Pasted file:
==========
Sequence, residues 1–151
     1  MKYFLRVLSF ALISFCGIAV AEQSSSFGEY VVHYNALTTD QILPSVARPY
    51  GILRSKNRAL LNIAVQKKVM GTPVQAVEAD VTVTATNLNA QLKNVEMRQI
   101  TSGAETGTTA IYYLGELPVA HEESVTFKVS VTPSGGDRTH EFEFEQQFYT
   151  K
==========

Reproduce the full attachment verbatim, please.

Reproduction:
Sequence, residues 1–151
     1  MKYFLRVLSF ALISFCGIAV AEQSSSFGEY VVHYNALTTD QILPSVARPY
    51  GILRSKNRAL LNIAVQKKVM GTPVQAVEAD VTVTATNLNA QLKNVEMRQI
   101  TSGAETGTTA IYYLGELPVA HEESVTFKVS VTPSGGDRTH EFEFEQQFYT
   151  K